Bengal tiger:
The most numerous
tiger subspecies!

Our Animals

We protect a large range of species here at Sahara Falls. We also focus heavily on species such—like tigers, elephants, rhinos, marine animals, primates and big cats— because their well-being supports the survival of several other species and gives us the opportunity to help protect natural landscapes and marine areas.

The Bengal Tiger is the most common and largest tiger found in the wild. These tigers are able to consume up to sixty pounds of food in one sitting.

Elephants Running Wild

An Elephant’s large ears radiate heat to help keep them cool. They also use their trunks to suck up water and spray it all over themselves and each other. These large animals love to play in water. After that you will often find them covering their skin in a thin coat of dust for protection. Elephants do not spend many hours sleeping instead they love to roam.

The elephants use their trunks for breathing, smelling, drinking, trumpeting and for picking up things, as one would use a hand. They have fingerlike features at the end of their trunks which aid in grabbing things. They use their tusks to dig, especially for food and water, to strip bark for tree trunks and to defend themselves in fights. The value of these tusks is also the reason why many elephants are killed.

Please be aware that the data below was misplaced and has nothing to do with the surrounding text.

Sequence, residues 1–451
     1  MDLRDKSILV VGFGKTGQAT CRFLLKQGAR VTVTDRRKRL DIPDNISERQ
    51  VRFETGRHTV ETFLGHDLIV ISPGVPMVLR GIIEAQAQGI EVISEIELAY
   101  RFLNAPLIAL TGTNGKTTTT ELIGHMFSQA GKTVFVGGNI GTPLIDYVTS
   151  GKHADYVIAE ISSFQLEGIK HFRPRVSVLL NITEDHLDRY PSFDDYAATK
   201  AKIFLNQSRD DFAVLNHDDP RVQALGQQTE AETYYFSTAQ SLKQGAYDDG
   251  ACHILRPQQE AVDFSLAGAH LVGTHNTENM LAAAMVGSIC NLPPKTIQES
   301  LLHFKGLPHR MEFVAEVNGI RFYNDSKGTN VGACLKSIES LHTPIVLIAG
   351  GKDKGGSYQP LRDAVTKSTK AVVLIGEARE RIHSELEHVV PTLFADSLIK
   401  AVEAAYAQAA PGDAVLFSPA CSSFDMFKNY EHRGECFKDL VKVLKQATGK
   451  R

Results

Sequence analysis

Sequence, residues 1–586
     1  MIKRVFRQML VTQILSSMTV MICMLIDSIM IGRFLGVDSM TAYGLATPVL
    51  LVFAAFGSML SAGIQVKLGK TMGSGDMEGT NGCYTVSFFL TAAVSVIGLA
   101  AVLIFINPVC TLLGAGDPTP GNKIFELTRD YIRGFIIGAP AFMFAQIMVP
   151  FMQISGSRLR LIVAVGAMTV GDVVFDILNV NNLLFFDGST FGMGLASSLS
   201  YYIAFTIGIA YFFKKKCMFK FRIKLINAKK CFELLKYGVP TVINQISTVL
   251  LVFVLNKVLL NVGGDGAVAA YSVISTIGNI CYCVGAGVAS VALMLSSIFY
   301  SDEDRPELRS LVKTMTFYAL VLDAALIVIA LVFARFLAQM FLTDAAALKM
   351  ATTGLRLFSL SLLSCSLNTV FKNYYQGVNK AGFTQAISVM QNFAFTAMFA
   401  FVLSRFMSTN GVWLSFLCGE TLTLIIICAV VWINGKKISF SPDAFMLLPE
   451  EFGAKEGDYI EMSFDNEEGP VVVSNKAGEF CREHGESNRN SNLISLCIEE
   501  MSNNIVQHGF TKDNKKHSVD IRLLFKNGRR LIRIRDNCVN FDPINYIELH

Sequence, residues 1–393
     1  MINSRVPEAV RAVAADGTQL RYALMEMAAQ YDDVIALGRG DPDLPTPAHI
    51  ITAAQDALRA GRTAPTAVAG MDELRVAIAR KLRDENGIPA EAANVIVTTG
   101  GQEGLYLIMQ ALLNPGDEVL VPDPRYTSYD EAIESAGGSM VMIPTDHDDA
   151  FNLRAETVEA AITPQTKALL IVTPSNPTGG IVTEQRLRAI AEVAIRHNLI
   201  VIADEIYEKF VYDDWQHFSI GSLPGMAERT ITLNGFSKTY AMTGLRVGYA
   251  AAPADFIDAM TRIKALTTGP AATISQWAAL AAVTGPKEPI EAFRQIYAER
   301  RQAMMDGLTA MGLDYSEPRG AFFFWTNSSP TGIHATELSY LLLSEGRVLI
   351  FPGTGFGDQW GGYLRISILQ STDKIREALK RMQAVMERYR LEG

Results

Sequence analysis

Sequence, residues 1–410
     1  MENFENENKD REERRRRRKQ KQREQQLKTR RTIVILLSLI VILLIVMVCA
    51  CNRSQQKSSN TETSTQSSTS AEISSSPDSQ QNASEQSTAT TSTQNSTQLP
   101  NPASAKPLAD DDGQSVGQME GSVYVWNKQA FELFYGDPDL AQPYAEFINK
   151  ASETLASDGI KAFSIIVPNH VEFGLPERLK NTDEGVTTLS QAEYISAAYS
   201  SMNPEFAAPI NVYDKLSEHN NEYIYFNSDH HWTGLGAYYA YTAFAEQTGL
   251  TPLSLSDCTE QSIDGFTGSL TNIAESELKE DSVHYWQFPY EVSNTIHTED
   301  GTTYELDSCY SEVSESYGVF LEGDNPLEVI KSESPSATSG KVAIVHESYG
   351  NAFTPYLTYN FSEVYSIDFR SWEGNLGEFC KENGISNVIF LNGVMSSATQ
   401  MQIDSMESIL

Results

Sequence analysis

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Sheep Grazing Freely

Sheep have four stomachs. They regurgitate their food and chew the cud, this allows their four compartments to digest the grasses and herbs thoroughly. Although sheep prefer grazing on grass, they will consume brushes. Sheep tend to be timid creatures that move in flocks, with generally no ability to protect themselves or fend off predators.

They are apparent differences between domestic and wild sheep. They differ in color, amount of milk produced, quality and quantity of fleece as well as their size. Domesticated sheep tend to grow wool, while wild sheep grow a combination of wool and hair.

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